The power of localization: Bridging cultures, boosting businesses.
In our increasingly connected world, where businesses are reaching beyond their local markets to tap into global ones, understanding and harnessing the power of localization has become vital for success. But what exactly is localization?
Localization definition by Cambridge Dictionary refers to a wide variety of practices that help contain and localize cognitively relevant information, making it more accessible and understandable to a target audience. It also alludes to the process of determining the spatial presence of specific elements, often to enhance functionality and usability.
From a business perspective
As explained by Wix.com, localization is the process of adapting a product, service, advertising, or any other content to a specific market.
It isn't simply about translating text from one language to another; it's about aligning with the cultural, societal, and temporal factors that define a certain group of people, including their time zones, national holidays, gender roles, product beliefs, and cultural references. To put it simply, localization aims to make the content feel as though it was created specifically for the target market. It's about seamlessly blending in, so local customers don't realize the content was originally produced for another market.
For instance, McDonald's in India doesn't serve beef or pork, aligning with the country's prevalent religious beliefs. Similarly, Hyundai had to change the name of its Kona car in Portugal due to linguistic concerns. These are but a few successful localization examples that showcase its impact on a global scale.
But how does localization differ from translation?
While the two often overlap, there is a crucial distinction.
Translation focuses primarily on converting language, whereas localization deals with the broader scope, including cultural references, systems of measurement, currencies, regional terms, character names, and more. In essence, localization is about "everything else" that makes the content relatable and accessible for the target audience, working hand in hand with translation for the most fluid experience.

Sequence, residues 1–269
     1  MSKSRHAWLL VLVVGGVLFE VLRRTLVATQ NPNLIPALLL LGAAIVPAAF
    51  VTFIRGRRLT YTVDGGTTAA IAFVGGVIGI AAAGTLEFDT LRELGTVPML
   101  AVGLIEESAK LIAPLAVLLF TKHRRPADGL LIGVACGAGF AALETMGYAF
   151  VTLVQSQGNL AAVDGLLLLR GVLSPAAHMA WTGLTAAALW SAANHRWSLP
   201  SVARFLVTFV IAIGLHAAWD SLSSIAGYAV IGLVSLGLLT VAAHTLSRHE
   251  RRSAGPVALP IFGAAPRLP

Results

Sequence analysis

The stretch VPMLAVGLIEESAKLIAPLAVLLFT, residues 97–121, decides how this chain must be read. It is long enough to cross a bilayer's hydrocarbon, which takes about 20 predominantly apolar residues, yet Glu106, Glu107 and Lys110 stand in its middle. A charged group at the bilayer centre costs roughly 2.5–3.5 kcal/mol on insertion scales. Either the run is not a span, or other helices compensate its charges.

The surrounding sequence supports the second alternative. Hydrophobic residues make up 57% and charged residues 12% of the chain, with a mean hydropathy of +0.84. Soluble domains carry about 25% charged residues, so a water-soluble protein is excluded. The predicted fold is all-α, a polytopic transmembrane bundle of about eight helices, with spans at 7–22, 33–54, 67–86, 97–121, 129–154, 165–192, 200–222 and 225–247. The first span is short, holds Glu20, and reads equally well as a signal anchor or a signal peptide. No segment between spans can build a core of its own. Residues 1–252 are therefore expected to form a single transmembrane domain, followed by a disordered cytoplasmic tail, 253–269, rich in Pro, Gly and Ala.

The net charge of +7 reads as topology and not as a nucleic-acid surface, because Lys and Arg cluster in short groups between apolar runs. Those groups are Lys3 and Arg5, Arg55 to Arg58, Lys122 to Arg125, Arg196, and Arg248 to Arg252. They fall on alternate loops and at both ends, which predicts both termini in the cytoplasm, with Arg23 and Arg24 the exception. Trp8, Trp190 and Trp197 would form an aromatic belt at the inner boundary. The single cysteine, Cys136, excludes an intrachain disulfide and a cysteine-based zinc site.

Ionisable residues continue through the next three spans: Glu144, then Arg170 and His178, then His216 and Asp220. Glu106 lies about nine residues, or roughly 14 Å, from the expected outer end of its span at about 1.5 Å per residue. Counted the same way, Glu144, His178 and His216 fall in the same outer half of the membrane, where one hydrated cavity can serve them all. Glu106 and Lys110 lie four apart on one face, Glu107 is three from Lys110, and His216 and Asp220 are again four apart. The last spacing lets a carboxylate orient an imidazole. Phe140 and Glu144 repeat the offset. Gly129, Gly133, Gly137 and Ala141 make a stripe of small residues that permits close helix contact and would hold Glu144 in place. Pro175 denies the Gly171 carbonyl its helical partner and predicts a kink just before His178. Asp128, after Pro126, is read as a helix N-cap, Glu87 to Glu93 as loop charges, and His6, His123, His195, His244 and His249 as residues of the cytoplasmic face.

However, localization is not a one-and-done task; it's an ongoing process that requires a deep understanding of the target audience and continuous adaptation to their changing dynamics. Companies who are serious about reaching a global audience typically integrate localization as a part of a broader internationalization strategy, ensuring their content is not only linguistically correct but culturally resonant as well.
Localization or localisation?
The terms "localisation" and "localization" refer to the same concept but are spelled differently due to regional spelling conventions.
Both terms refer to the process of adapting a product, service, or piece of content to make it suitable for use in a specific country or region. This process often involves translation but also encompasses changes to other elements such as date formats, units of measurement, and cultural references to ensure that the product, service, or content is not just understandable but also culturally appropriate and engaging for the target audience.
The spelling "localisation" is typically used in UK English, while "localization" is used in US English.
However, the use of the "z" spelling isn't strictly limited to American English, and the origins of the "iz" form can be traced back to Ancient Greek. It's also been recorded in British English as early as the 15th century. The specific spelling choice for "localization" with a "z" in the field of software translation and localization is rooted in the early predominance of large US software companies.
In essence, the choice between "localisation" and "localization" largely comes down to regional spelling preferences and industry standards, but they both describe the same practice of adapting a product or service to a specific locale.
In conclusion, whether you are a small business owner looking to expand into foreign markets or a global conglomerate trying to strengthen your presence, localization should be a vital part of your strategy.
It's not just about speaking the language; it's about understanding and respecting the cultural nuances, societal norms, and regional preferences. Localization is a powerful tool to connect, communicate, and create a bond with your target audience in a meaningful and impactful way.